Keeping it clean and simple has really helped my cooking develop – ensuring there are no more than two or three clean flavours on the plate and keeping the garnishes to purely those that complement the dish. I find that creating my own style or signature has evolved from experience – drawing on creations at other restaurants and working with other chefs but stamping my own personality on the menu. I also appreciate having the basic grounding in butchery skills which helps put on dishes that would be too expensive if bought in pre-prepped.

And what about the pastry side?

Garnish and sauce chefs are typically stronger in the marketplace but desserts seem to be more of a dying art. On my first day at Cliveden, Gary Jones put me on Pastry which was an experience I really enjoyed. It’s quite an exact science. I firmly believe that people remember the last thing they eat, so we want to ensure the desserts and petits fours are something special. Particularly as a head chef, or chef patron, you have to know and understand pastry to be able to instruct others as to what you want.

What are your views on Molecular Gastronomy?

I don’t understand it, so I don’t cook it. When you run a business and have a young family finding the time to step back and try and learn such things is difficult. I’ve not been to the Fat Duck but would love to visit. Heston really knows what he’s

doing, the trouble is with those chefs that see what he’s doing and try to recreate it but don’t understand how it is done. The results can be quite shocking.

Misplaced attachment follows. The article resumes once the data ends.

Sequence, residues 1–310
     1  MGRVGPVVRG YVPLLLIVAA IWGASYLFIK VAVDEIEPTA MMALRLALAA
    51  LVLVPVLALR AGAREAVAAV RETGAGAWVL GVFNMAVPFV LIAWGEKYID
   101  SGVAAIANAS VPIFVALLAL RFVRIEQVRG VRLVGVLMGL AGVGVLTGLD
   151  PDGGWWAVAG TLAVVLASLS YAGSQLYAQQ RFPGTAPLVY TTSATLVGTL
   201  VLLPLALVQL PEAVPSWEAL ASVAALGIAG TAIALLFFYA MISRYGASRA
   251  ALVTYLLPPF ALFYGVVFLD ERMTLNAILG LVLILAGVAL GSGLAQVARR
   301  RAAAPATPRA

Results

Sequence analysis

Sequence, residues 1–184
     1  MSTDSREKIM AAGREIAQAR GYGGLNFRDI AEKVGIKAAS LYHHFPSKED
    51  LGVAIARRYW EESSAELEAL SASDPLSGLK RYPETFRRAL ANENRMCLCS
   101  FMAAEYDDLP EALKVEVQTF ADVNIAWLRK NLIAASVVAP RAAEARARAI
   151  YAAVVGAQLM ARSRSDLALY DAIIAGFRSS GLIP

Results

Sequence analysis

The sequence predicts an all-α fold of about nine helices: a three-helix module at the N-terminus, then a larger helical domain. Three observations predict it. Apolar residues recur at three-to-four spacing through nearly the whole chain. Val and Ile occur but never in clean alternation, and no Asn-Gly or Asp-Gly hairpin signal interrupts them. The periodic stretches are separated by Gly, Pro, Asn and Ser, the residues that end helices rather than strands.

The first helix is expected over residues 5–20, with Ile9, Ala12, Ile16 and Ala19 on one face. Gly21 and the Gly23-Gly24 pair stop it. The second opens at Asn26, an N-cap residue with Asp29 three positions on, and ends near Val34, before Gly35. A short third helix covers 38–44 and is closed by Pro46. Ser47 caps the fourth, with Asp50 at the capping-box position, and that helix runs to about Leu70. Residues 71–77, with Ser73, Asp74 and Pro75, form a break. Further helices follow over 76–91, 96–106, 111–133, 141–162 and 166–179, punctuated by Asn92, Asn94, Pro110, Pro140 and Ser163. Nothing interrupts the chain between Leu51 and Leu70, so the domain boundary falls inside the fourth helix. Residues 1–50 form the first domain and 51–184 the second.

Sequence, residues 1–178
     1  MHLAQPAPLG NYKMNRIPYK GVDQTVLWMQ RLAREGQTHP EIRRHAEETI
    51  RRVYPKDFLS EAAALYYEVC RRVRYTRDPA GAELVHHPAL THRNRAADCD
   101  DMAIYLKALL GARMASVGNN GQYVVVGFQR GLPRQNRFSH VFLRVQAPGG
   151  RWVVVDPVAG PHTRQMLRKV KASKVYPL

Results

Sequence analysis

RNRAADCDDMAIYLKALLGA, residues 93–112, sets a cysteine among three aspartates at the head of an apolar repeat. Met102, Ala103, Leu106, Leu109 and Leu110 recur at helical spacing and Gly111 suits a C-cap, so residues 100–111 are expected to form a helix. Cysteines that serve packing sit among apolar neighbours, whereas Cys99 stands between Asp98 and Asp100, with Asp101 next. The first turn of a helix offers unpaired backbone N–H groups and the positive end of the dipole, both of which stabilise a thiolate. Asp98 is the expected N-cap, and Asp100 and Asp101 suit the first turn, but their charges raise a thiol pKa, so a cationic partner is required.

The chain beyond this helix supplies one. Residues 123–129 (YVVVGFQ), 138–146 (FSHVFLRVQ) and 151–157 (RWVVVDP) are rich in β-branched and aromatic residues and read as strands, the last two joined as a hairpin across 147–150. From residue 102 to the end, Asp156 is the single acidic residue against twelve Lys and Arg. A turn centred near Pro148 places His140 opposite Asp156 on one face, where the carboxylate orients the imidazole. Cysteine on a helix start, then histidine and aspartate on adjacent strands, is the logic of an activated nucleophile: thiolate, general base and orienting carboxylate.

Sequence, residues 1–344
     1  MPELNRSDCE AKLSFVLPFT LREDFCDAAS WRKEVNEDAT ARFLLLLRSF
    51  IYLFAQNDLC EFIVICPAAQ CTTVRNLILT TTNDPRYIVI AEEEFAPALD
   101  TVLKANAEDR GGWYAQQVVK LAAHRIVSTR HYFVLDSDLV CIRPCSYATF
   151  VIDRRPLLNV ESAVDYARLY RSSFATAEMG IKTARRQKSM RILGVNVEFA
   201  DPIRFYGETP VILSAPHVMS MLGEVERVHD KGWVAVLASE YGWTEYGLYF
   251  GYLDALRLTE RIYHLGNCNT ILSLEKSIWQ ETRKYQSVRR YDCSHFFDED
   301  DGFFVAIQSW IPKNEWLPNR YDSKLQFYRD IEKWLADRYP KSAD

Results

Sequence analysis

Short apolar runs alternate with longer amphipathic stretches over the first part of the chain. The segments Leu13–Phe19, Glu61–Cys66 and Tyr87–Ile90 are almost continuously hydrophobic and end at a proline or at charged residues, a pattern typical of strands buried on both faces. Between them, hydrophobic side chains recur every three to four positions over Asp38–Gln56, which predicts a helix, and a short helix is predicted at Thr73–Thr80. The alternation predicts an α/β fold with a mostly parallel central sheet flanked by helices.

What are your plans for the future?

We’ve been here three years and we’re now looking for a freehold property within the area. We did some refurbishment quite recently but feel that this is a sunk cost in a leased property. We’re keen to get a silent partner who will share some

profit but allow us to run a business autonomously. Ideally we’d go for a place with rooms.

Tell us about the Craft-Guilds National Chef of the Year?

I’ve been through to the finals three times. The first time I came third and was delighted. The second time I felt confident but we’d just opened the restaurant. This proved very challenging – driving back and forth to cook service in the restaurant while giving my best to the competition proved impossible. This year we decided to shut the restaurant and were delighted to win the heats, we also decided to stay over in London. Brian Turner, Jean Christophe Novelli and John Burton-Race were part of the panel of around 20 judges. You were given a list of ingredients to produce a menu. I cooked a Lobster Ravioli with a Langoustine on top with a Celery Broth and Lime Jam to cut through the fish. Main course was squab pigeon.

I boned the leg and along with a farce from the livers, some white pudding and chicken, made a mini ballontine. This was on some braised lentils with a pumpkin puree, a mild garlic broth and a jus made from the pigeon bones. Dessert was a tempered chocolate collar, poppy seeds, raspberries macerated in whiskey to help cut through the sweetness of the chocolate with a banana and whiskey ice cream. As well as the overall first prize, the squab pigeon was awarded best main course.

So it was time to leave – Steve had spoiled us with his time and his food. They were planning a series of dinners to celebrate the Craft-Guild National Chef of The Year award. The winning menu being reproduced with a generous list of wines.